GCRF Vector-borne disease control in Venezuela Network

Lead Research Organisation: Pontifical Catholic Uni of Ecuador
Department Name: School of Biological Sciences

Abstract

Over the last two decades, Venezuela has entered a deep socioeconomic and political crisis. Once recognised as a regional leader for public health and vector control, Venezuela's healthcare and health research infrastructure has fallen into a state of collapse, creating a severe humanitarian crisis and an unprecedented outbreak of vector-borne disease. The 'Global Challenges Research Fund Vector-borne disease control in Venezuela Network' (GCRF VeConVen Network) will support Venezuelan and regional vector-borne research, develop innovative and interdisciplinary approaches to addressing vector-borne disease control in challenging settings, and provide training for Venezuelan early career researchers to rebuild local research capacity. In the context of the current vector-borne disease emergency, high prevalence of infection, as well as the lack of adequate treatment, is negatively impacting health and welfare of communities especially in Venezuela, but also in Colombia, Brazil and Ecuador with knock-on effects for livelihoods and education. Cooperation among regional research scientists is vital to promote evidence-based interventions to deal with the current crisis. The GCRF VeConVen Network will create a forum to feed-forward and engage with regional health ministries, non-governmental and international bodies to improve health and welfare in these Official Development Assistance recipient countries.

Planned Impact

The Venezuelan economy is in free fall. State infrastructure is collapsing, especially in relation to healthcare. The exodus of Venezuelan citizens has included a significant proportion of qualified healthcare professionals and university researchers. The resultant 'brain drain' leaves the country with little recourse to address the current crisis, especially in the context of resurgent vector-borne disease transmission. The proposed network aims to directly address the current epidemics by promoting collaborative links between regional and international partners and their Venezuelan colleagues in the context of regional vector-borne disease control.

There are multiple beneficiaries of the proposed network, which is tailored to deliver impact across many different levels.

COMMUNITIES AFFECTED BY THE CURRENT CRISIS IN VENEZUELA AND NEIGHBOURING COUNTRIES: Many Venezuelans, as well those communities in neighbouring countries impacted by 'spill-over' of current vector borne disease outbreaks, are currently living under an intolerable burden of vector-borne disease. A core goal of the proposed Network is to develop innovative and resilient community-led approaches to the surveillance and control of vector-borne disease in affected areas. Such approaches will be fed forward to regional actors (Ministries of Health, NGOs) with the ultimate aim of alleviating the burden of vector-borne disease. Novel approaches developed in the Network will also for the basis of research proposals to trial the impact of such interventions in affected areas.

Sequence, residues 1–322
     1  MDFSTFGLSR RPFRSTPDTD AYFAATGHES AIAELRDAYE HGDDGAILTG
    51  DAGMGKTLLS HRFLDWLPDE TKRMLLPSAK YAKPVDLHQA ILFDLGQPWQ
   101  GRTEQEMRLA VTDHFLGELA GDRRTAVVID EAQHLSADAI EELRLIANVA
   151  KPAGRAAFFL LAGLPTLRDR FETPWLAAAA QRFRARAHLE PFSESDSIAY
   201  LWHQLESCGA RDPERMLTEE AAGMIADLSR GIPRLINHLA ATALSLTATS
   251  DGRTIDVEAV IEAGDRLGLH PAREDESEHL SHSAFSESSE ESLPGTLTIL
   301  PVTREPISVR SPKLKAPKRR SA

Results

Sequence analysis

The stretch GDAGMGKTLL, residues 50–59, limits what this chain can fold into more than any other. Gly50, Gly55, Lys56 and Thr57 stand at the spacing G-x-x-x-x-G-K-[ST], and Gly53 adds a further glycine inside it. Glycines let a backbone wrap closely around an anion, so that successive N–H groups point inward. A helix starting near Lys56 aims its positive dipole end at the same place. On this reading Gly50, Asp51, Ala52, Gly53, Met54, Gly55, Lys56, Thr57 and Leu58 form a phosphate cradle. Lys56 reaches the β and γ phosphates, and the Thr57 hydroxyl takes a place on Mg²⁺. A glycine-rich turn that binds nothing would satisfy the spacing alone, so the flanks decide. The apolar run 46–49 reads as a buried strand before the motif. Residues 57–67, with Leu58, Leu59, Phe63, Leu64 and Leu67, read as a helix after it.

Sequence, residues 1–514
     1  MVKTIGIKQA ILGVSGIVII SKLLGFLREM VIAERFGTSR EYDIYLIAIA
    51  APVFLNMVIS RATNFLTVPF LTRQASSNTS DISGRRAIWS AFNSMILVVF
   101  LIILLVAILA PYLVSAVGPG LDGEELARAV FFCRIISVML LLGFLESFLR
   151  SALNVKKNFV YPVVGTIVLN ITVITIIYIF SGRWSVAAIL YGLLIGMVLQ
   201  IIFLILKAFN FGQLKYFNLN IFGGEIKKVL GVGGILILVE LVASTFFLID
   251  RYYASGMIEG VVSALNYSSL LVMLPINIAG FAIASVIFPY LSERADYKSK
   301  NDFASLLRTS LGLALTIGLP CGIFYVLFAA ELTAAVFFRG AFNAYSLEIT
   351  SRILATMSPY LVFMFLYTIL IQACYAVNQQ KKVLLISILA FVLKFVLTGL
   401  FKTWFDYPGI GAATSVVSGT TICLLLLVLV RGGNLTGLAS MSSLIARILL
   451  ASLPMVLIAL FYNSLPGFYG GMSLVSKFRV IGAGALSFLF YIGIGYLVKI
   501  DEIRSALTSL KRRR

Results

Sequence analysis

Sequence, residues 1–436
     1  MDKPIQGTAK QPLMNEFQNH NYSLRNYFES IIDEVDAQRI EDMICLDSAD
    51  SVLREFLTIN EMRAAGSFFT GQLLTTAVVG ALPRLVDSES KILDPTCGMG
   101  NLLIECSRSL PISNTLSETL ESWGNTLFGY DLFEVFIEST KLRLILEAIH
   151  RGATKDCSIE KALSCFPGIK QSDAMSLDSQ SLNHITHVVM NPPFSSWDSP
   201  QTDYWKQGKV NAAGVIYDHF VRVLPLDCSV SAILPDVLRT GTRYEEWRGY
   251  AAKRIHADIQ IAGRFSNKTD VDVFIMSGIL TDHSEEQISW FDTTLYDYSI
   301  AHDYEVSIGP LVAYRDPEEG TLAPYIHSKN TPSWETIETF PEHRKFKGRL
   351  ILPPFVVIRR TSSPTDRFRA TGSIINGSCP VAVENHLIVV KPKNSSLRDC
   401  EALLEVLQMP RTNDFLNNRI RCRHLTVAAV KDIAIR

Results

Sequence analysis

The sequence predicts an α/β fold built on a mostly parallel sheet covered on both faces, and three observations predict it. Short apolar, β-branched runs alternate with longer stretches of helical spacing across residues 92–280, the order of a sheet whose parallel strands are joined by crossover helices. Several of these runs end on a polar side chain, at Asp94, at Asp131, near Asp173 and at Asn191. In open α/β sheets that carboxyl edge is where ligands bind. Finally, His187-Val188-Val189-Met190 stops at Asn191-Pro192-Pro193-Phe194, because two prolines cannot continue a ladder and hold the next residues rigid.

VENEZUELAN SCIENTISTS AND HEALTHCARE PROFESSIONALS. The crisis in Venezuela has led to an exodus of healthcare specialists, including scientists with expertise in vector-borne disease. The proposed Network will provide a vital forum for collaboration between those scientists that remain working in Venezuela under extreme conditions, expatriate Venezuelan researchers and their regional colleagues in Brazil, Colombia and Ecuador, as well as the wider region. There is an urgent need to rebuild the scientific community in Venezuela. Via a series of workshops, this GCRF Network will provide training and networking opportunities for a new generation of Venezuelan scientists

POLICY-MAKERS, NON-GOVERNMENTAL AND GOVERNMENTAL ORGANISATIONS: A key component of the proposed network is engagement with stakeholders and regional actors to improve vector-borne disease control. We will undertake several rounds of outreach to regional Governmental Organisations and Governmental Organisations in the form of dedicated meetings in Ecuador, Brazil and Colombia. Organisations that have already expressed an interest include the Pan-American Heath Organisation (PAHO), the Brazilian Ministry of Health, the Colombian Ministry of Health, the Drugs for Neglected Diseases Initiative, as well as NGOs currently active in Venezuela (Medicins sand Frontiers, Rotary Club, Caritas, Amigos del Hospital de Niños de Valencia). Other target organisations include WHO and the Venezuelan Ministry of Health. Individuals from these organisations with relevant operational roles will be invited to each of three meetings. Our aim is share research perspectives, surveillance data and discuss operational and research priorities to define knowledge gaps.

GENERAL PUBLIC AND PRESS MEDIA: The general public and press media have a major interest and stake in the ongoing crisis in Venezuela and are thus beneficiaries of this project. The surge in vector-borne disease in the country is an integral part of the crisis. Our Network partners have already played an important role in communicating the extent of the crisis to the international media community. We will continue to do as part of this Network via coordinated press releases to accompany meetings and publications arising from the Network

Publications

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publication icon
Grillet ME (2021) Malaria in Southern Venezuela: The hottest hotspot in Latin America. in PLoS neglected tropical diseases

 
Description VeConVen, our research network, was founded to focus on discovering innovative approaches for vector-borne diseases surveillance and control in Venezuela and the surrounding region. As consequence, we applied to this award with objectives to help scientists and Healthcare professionals in the country with several workshops and meetings, research training, and grant writings.
Unfortunately, our activities were affected by the COVID-19 pandemic situation. As a result, It was necessary to change our objectives and focus on research training and online activities.

-Research training (Main key finding)